Eat for glowing skin
You probably think about how nutrition affects your internal health and your weight, but eating the right foods can also improve the quality of your skin. “You can look at food as the raw materials for a factory,” says Ian Koo, a naturopathic doctor based in Mississauga, Ont. “The better the quality of the raw materials we have to start with, the greater the chance that we’ll end up with a good durable product.” Here’s what to add to your diet to improve the health of your skin.
Eating any tomato-based foods such as sauce and tomato juice may help clear up acne. “Lycopene [the phytochemical that makes tomatoes red] may lower an acne-promoting hormone,” says Alan Logan, a naturopathic doctor and author of The Clear Skin Diet (Cumberland House). Though there’s no set recommendation for how much lycopene you should eat to combat stubborn spots, Logan suggests including tomato-based foods in your diet between three and five times a week.
Lycopene may also help defend your skin from UV rays, says Koo. “Lycopene and other carotenoids found in orange to reddish-coloured fruits and vegetables can help improve the skin’s antioxidant status. Antioxidants combat free radicals produced from excessive sun exposure,” he describes.
2. Green tea
Green tea fights acne based on its ability to lower levels of an acne-producing hormone called dihydrotestosterone (DHT), says Logan. He recommends brewing up three to five cups of green tea every day in order to reap the full benefits for your skin.
This power drink is also packed with antioxidants, which will help your skin look younger and healthier overall, says Koo.
Deeply coloured berries such as blueberries and cherries are loaded with antioxidants, which help your body fight off blemishes. “One thing we found out very recently about acne is that there’s a great local oxidative stress going on, so much so that it actually depletes the antioxidants in people with acne. So the more severe your acne, the lower your levels of blood antioxidants,” says Logan.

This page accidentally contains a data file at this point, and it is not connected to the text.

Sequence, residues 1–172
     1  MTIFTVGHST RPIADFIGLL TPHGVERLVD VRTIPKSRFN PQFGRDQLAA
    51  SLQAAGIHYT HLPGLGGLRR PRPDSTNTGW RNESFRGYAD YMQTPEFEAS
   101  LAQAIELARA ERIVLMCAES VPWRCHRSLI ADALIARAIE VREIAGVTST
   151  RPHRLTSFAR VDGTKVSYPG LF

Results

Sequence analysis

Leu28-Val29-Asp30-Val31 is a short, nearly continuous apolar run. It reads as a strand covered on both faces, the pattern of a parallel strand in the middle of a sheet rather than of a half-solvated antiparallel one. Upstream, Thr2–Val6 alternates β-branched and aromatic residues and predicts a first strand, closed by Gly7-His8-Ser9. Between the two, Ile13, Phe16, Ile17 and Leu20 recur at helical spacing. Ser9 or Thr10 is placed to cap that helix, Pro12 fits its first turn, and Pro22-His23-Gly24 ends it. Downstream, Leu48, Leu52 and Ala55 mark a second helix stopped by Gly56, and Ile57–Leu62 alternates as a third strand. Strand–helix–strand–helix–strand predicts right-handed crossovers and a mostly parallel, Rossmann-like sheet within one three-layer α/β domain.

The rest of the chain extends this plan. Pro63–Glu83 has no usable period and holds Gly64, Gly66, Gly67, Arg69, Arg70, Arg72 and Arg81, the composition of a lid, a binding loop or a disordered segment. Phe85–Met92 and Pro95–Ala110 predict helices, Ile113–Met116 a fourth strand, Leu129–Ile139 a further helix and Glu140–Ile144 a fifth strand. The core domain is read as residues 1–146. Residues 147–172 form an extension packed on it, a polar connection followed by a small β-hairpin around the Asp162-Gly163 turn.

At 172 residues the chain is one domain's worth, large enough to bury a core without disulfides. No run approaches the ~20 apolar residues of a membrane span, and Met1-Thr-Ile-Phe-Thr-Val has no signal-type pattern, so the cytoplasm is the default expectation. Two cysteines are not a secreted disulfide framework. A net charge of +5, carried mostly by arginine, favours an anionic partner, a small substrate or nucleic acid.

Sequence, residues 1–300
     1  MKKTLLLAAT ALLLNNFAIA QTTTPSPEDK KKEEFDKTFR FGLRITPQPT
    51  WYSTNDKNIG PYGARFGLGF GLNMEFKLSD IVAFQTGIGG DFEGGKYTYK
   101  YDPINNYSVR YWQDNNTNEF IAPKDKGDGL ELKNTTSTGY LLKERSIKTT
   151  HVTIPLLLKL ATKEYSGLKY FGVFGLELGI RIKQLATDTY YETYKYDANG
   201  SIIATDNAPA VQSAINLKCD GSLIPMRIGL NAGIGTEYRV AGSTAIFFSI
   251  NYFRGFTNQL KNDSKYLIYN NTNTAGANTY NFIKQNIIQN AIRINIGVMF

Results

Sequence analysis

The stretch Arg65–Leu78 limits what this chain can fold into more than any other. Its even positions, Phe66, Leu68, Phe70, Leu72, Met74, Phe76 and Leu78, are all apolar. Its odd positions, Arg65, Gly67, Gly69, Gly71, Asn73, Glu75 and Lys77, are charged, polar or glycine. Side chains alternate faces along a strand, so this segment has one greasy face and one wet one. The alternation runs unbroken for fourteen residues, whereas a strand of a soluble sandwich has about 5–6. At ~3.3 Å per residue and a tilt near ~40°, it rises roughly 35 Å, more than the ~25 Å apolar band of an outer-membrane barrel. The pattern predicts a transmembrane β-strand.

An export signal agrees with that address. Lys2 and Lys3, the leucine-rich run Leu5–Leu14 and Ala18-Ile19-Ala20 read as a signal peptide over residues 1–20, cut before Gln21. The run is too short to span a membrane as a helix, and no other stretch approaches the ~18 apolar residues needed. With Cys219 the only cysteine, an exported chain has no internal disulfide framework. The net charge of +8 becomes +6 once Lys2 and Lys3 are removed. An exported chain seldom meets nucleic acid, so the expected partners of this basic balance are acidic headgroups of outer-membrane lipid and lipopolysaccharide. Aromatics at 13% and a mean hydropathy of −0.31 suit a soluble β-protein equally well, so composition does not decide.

4. Fish and seafood
An international study published in the Journal of the American College of Nutrition found that people who ate diets high in fish and seafood had less skin wrinkling. That might be because the omega-3 fatty acids found in fish and seafood slow down the wrinkling process. Wrinkle development is rooted in inflammation, says Logan. “Inflammatory chemicals are essentially like acid rain on the collagen of your skin. Omega-3s turn down the dial on the production of these chemicals,” he explains.
Omega-3s can also help combat acne in a similar way. “Acne spots can look red and are often warmer to the touch, a clear sign of inflammation,” says Koo. “Furthermore, omega-3 fatty acids have mood-regulating benefits, which can help with the stress component of having acne.” He recommends that acne sufferers consume four to five servings of oily fish per week in order to treat the condition. If you can’t imagine eating that much fish every week, Koo suggests taking fish oil supplements instead.
5. Brown rice
Check the packaging of your skin products and you’re likely to see ceramides in the list of ingredients. These lipid molecules, which help your skin maintain its moisture, can also be found in foods such as brown rice. When you eat naturally occurring ceramides, they get incorporated into the outer layer of your skin and help it maintain its hydration, says Logan. “There are clinical studies that showing that ceramides [you eat] significantly improve hydration.